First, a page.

The following talk was by Alex Eng on Zanata, a translation platform. One of the best and interesting talk for the day. Alex presented a round up of the new features that will be available in the next release of the translation tool.




 

The next talk was on Web Virtual Reality by Sumantro Mukherjee. The highlight of the talk was a-frame. A-frame is a web framework for building virtual reality experiences and works on almost all devices. With just few lines of code, you can turn a video into 360 degree Virtual Reality. Amazing, isn’t it?




The last talk of the day was by Anwesha Das on A walk on licenses in Fedora ecosystem. She gave an overview of all the open source licenses, why it is important to use a license and what are the best practices of using a license. The take from the talk was not to use personalized licenses and even if you use it, not to name it like Buy me a beer or something similar. Overall, it was great to learn about Licenses.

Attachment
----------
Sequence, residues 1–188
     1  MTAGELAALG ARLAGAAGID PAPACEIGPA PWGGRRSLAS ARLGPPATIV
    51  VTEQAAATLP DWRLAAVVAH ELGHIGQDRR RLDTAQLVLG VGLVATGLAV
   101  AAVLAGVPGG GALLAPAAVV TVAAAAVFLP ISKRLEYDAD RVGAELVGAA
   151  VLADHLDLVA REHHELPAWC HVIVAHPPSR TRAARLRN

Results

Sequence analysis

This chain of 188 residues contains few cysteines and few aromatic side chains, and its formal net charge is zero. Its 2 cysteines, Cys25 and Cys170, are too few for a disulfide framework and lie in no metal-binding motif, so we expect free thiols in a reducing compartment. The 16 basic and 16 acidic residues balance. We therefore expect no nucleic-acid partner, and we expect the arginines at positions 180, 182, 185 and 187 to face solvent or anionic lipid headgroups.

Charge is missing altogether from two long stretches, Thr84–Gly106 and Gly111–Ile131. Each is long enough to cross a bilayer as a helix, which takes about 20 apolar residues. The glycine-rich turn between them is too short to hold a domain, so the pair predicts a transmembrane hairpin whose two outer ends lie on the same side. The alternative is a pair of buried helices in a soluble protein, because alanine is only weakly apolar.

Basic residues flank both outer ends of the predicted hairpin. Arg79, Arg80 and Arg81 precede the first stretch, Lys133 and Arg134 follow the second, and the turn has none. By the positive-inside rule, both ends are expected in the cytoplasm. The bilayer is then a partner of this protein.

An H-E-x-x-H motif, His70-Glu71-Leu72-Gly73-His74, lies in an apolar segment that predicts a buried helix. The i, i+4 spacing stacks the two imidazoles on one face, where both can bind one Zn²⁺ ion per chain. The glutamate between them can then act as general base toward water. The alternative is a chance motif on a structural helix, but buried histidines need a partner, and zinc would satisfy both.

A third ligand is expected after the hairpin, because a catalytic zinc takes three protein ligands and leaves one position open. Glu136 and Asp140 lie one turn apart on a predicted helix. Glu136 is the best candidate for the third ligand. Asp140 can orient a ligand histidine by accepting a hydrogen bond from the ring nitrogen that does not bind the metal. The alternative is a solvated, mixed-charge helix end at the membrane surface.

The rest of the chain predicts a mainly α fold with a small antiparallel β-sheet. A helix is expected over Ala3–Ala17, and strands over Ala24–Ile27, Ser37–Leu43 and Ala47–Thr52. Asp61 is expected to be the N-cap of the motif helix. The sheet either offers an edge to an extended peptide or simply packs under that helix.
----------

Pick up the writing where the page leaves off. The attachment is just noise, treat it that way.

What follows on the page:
Best part of this talk was "never try to invent your own licenses"


Day 2 : FUDCon APAC, Norton University, Phnom Penh
Day 2 started with heavy rains at Cambodia. Thanks to Sirko for providing raincoats! It was another day of interesting talks and I had my talk at 3pm.
The first talk I went to was by Noriko Mizumoto on How can you help us get Fedora to the world?. Noriko hails from Japan and is a Community Relations Specialist and Program Manager, Red Hat Asia Pacific. Noriko focused on the importance of localization. Localization of a software is very important, since non-native English speakers are much more when compared to native English speakers.She introduced how Fedora has been localized into over 80 languages. A great talk, indeed.